Isaiah 5:18 | NAS

Woe to those who drag iniquity with the cords of falsehood, And sin as if with cart ropes; 

 

Isaiah 5:18 | GW

How horrible it will be for those who string people along with lies and empty promises, whose lives are sinful.

 

In any event, I LOVE both versions.

 

 

 

 

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Milford Charles Murray | Forum Activity | Replied: Mon, Jun 13 2011 1:44 PM

As do I!         *smile*

             And!   Really love and appreciate some paraphrases like Moffit and JB Phillips!

Philippians 4:  4 Rejoice in the Lord always; again I will say, Rejoice. 5 Let your reasonableness be known to everyone. The Lord is at hand..........

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Matthew C Jones | Forum Activity | Replied: Mon, Jun 13 2011 2:27 PM

MJ. Smith:
Something I just ran across in a Journal of Hebrew Scriptures review that might be of interest regarding selecting a translation (Of course, it's one person's opinion).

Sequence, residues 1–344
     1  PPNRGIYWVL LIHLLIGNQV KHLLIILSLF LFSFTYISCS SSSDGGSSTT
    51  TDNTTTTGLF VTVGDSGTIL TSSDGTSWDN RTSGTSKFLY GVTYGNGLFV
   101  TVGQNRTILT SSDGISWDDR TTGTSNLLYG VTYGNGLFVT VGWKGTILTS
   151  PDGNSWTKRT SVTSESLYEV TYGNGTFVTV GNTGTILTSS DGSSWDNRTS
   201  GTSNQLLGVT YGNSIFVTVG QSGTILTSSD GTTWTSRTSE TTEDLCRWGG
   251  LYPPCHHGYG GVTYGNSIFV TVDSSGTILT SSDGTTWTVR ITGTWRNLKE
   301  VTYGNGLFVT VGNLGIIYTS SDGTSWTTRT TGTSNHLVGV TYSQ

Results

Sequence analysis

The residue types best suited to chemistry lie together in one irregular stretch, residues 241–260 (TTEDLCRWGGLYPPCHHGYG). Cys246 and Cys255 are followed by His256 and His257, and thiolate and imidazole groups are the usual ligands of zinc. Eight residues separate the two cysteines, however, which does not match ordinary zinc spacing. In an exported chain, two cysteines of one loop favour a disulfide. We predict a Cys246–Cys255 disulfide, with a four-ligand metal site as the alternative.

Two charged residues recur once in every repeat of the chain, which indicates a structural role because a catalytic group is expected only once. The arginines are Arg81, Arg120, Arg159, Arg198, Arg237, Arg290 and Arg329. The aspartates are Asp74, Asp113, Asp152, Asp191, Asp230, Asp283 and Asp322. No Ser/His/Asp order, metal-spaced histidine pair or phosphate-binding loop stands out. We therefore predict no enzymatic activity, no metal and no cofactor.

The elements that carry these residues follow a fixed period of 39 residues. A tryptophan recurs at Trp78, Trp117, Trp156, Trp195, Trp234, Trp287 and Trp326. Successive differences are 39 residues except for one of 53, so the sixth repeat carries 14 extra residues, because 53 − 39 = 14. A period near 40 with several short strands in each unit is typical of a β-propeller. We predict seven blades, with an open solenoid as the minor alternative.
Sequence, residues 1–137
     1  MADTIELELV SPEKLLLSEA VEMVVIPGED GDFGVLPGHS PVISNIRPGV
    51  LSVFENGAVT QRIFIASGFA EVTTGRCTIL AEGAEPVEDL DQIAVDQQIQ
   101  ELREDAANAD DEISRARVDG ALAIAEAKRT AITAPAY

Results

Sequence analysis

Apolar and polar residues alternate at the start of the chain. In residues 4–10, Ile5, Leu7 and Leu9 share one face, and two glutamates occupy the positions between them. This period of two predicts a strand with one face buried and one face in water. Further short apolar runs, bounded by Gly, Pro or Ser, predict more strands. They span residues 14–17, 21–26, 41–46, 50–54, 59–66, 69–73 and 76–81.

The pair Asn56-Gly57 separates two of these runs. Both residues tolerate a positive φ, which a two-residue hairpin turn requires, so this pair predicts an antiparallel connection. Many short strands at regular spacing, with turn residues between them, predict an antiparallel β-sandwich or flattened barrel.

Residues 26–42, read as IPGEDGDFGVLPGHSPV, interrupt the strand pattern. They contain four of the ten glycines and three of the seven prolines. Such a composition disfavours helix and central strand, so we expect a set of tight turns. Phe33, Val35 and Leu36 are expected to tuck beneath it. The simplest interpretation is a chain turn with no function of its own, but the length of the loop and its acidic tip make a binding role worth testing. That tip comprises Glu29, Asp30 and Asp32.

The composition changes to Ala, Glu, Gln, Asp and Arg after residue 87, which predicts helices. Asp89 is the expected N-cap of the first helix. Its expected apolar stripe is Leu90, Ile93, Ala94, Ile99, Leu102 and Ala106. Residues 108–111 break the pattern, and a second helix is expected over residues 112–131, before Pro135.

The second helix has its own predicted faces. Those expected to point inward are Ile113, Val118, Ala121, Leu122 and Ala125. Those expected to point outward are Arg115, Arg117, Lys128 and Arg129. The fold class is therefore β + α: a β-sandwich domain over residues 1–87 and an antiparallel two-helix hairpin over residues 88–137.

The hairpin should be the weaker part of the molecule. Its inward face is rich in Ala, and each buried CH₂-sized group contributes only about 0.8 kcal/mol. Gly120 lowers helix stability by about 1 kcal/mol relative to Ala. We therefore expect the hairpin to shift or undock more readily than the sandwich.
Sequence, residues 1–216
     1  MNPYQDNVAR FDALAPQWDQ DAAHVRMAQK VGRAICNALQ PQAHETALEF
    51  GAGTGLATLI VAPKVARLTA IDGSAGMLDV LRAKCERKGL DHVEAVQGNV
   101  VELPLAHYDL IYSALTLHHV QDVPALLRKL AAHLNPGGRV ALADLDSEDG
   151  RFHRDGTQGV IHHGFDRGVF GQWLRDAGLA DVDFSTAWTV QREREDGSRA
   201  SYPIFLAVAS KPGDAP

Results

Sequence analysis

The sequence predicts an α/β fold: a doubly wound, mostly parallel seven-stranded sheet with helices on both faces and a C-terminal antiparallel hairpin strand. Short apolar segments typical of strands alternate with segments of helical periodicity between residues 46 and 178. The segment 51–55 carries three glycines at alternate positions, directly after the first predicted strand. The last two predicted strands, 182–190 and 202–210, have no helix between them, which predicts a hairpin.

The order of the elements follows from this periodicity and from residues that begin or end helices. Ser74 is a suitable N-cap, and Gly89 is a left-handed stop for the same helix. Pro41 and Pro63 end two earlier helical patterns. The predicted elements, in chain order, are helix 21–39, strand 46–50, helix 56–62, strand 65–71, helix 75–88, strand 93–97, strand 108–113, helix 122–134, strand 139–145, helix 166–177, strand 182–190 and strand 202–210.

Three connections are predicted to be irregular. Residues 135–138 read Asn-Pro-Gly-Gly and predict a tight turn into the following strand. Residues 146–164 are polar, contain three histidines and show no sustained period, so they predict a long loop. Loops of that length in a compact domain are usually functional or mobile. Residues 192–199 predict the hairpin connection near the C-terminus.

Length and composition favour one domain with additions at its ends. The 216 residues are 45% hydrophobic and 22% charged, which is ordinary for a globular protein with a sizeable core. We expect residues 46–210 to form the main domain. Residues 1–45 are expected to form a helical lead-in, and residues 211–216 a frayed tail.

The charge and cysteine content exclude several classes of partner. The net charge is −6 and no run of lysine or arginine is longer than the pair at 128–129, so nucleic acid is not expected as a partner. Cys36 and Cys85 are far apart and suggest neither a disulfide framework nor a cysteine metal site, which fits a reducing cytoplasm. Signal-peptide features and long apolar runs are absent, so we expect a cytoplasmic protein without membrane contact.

Which just goes to show the folly of trusting one man to make spiritual decisions for the rest of us. Surprise

Logos 7 Collectors Edition

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Mike Childs | Forum Activity | Replied: Mon, Jun 13 2011 3:17 PM

Obviously, there is no agreement on this question.

"In all cases, the Church is to be judged by the Scripture, not the Scripture by the Church," John Wesley

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MJ. Smith | Forum Activity | Replied: Mon, Jun 13 2011 3:37 PM

Matthew C Jones:
Which just goes to show the folly of trusting one man to make spiritual decisions for the rest of us

Or, it is nice to get an "expert opinion" to support one's own opinion ... since 3 of the 4 he recommends for exegesis are in my top five. But I really need to talk to Gorman about JPS and The Community BibleWink

More seriously, it is a reminder of the need to know the credentials of someone whose judgement you are trusting.

Orthodox Bishop Hilarion Alfeyev: "To be a theologian means to have experience of a personal encounter with God through prayer and worship."

Posts 1674
Paul Golder | Forum Activity | Replied: Mon, Jun 13 2011 5:30 PM

Take a look at:

How to Choose a Bible Version

The Complete Guide to Bible Versions

How to Read the Bible for All Its Worth

"As any translator will attest, a literal translation is no translation at all."

Posts 286
Dr. Charles A. Wootten | Forum Activity | Replied: Tue, Jun 14 2011 6:09 AM

As usual, I'm late to the conversationStick out tongue!